Lessons learned? Reflections on antisemitism and the Holocaust
25 September 2016
Today, CST and the Holocaust Educational Trust (HET) are launching an important and timely collection of short essays authored by a distinguished group of faith, civic and political leaders.
Entitled Lessons Learned? Reflections on antisemitism and the Holocaust, this booklet presents a range of complementary views that are especially timely with antisemitism now on the rise. All too often, lessons from the Holocaust are ignored and dismissed or the Holocaust itself is twisted in a way to abuse Jews.
CST Chairman Gerald Ronson’s contribution explores the seductive nature of UK based antisemitism since the end of World War Two, discrediting the belief that Jew hatred perished in the ashes of the Holocaust.
He is joined by essays written by high profile and important politicians of all political hues. Sajid Javid MP, Secretary of State for Communities and Local Government, reflects on his experiences of hate crime and ‘dinner party antisemitism’; Mayor of London Sadiq Khan sets out his unequivocal stance against discrimination at the helm of one of the most diverse cities in the world; and Angus Robertson MP, Leader of the SNP in Westminster, touches on the unique relationship between Scotland and its Jewish community.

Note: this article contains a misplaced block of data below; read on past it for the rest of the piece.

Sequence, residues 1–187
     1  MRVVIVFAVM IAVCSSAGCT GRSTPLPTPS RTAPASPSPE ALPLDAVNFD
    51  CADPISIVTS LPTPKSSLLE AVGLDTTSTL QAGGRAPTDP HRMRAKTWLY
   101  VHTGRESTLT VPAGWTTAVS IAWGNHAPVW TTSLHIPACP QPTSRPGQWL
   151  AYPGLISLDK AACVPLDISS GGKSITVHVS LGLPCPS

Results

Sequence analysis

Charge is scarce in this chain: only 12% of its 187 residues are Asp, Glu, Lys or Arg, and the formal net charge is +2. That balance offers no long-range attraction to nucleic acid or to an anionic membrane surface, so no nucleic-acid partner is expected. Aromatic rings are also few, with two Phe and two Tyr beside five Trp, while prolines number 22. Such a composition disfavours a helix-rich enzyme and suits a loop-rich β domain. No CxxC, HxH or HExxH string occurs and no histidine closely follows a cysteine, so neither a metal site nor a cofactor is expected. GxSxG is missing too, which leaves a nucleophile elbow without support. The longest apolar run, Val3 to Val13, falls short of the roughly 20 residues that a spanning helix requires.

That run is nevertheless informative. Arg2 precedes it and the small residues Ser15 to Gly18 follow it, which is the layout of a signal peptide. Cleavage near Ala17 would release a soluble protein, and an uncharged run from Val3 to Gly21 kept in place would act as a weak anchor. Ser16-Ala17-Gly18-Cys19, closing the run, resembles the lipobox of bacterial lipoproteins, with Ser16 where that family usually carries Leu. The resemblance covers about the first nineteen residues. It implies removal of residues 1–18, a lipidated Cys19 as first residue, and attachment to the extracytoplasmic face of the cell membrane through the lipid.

Faith leaders are represented by Chief Rabbi Ephraim Mirvis and Archbishop of Canterbury Justin Welby, who respectively provide an impassioned plea for individuals to refrain from using ‘insidious language’, and lament the fact that such language has become part of everyday life.
Historian Laurence Rees debunks the myth that Hitler ‘supported Zionism’; French Ambassador Sylvie Bermann decries a situation where European Jews have been targeted for antisemitic attacks; and Mala Tribich, Holocaust Survivor, explains why she continues to give testimony about her experiences.